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and gold, but with the precious blood of Christ.” i Pet. i. 18, 19. We are not our own, but bought with a price;" and are therefore to esteem it our first duty, and our highest happiness to “glorify God with our bodies and spirits which are his.' 1 Cor. vi. 19, 20.
“ We thus judge, that if one died for all, then were all dead: and that he died for all, that they which live should not henceforth live unto themselves, but unto him which died for them, and rose again.” 2 Cor. v. 14, 15. And is there no pleasure in yielding the heart to the deep and overwhelming sense of this obligation? Say, ye that love the Saviour, have those been the happiest moments, in which you have felt the slightest, or the strongest sense of obligation to him who loved you, and gave himself for you; in which your minds seemed scarcely to retain the impression of his love, or in which you have felt its mightiest and resistless power? To feel that you have contracted a debt to Divine
justice which you could never pay, has indeed, in days that are past, filled you with alarm and consternation; but to feel, as now you feel, that you have contracted a debt to Divine love which you can never pay, fills you, it is true, with deep humility, but not less with gratitude, and love, and joy! It is happiness to owe so much to goodness so great, and to love so pure. Instead of oppressing the mind, it is the occasion of bringing it oftener and nearer to the throne of grace and to the foun
tain of bliss. There is a pleasure in acknow-
Not burdensome, still paying, still to owe;
Indebted and discharged—what burden then!" III. It is delightful to the mind to have the full conviction, that all the requiremerts of God are both designed and adapted to promote our happiness.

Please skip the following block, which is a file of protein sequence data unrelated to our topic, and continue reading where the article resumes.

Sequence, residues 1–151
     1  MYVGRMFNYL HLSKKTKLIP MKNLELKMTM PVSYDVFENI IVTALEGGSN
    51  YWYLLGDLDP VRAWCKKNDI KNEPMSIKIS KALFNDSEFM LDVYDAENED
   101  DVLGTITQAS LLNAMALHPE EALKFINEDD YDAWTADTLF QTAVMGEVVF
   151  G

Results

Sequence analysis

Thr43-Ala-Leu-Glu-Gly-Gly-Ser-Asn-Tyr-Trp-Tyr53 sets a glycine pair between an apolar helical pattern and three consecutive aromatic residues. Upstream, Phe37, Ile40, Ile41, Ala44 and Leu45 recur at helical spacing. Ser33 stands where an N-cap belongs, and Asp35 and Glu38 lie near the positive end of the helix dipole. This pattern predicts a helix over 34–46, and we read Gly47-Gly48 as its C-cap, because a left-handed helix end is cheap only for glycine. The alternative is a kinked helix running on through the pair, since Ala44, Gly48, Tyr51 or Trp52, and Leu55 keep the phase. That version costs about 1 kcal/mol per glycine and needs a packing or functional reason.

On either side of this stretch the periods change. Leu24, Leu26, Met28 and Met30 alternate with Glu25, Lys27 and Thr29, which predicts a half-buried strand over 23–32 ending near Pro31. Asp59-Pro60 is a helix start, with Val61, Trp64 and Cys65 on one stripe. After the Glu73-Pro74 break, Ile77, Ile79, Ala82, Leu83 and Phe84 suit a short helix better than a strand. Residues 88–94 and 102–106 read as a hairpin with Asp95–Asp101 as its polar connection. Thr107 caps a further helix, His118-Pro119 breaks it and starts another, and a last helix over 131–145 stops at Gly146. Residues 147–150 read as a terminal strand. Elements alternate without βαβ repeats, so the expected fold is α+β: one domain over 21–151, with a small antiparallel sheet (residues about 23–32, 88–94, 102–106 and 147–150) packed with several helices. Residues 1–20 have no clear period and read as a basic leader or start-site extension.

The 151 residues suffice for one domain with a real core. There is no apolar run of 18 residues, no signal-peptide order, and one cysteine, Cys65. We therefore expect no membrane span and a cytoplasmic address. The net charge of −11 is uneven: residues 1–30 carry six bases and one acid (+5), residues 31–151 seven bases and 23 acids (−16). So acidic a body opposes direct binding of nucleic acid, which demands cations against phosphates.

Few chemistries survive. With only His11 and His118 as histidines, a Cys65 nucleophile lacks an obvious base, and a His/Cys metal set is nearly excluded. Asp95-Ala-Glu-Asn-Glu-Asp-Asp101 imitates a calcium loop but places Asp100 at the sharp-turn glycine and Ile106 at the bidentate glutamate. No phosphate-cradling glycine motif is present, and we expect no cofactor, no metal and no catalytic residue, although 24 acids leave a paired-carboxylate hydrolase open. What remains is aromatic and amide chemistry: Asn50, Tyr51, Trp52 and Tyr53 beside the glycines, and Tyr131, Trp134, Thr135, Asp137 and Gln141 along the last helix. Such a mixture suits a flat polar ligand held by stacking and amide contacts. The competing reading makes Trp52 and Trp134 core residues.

This conviction dwelt strongly in the mind of the disciple whom Jesus loved, when under the guidance of the Spirit of inspiration he affirmed, that “the commandments of God are not grievous." I John v. 3. It dwelt, ages before, in the mind of the inspired psalmist, who declared that “in keeping his commandments there is great reward.” Psa. xix. 11. That with these representations our own sentiments may fully accord, let it be recollected,
1. That there is no precept of the Divine law, to which obedience may not be required, on the principle of love.
Does the blessed God require me to render adoration to himself alone, and in his worship to refrain from the use of images, degrading to his majesty; and does he charge me never to pronounce his name without the deepest veneration? I am impelled to obey these precepts by the principle of love; for how can I at once love him, and withhold the honour due to his name? Does he require me to con
sécrate to him the day which he has appropriated and hallowed? I am impelled to obey this precept by the principle of love; for how can I at once love him, and disregard the wise and gracious institutions by which he designs to bring me nearer to himself? Does he require me to honour my parents, and in all the relations and intercourse of life, to guard agailist every action and every disposition, which would be injurious to the persons, or the property, or the character of my fellow men?' I am impelled to obey these precepts by the principle of love; for how can I love God whom I have not seen, if I love not my brother whom I have seen? and how can I love my brother, and my neighbour, and not consult their rights and their happiness? How then can I hestitate to yield unreserved obedience to him, whose law requires only the development of the principle of love and how can I cherish that affection, without at the same time most effectually promoting my own enjoyment?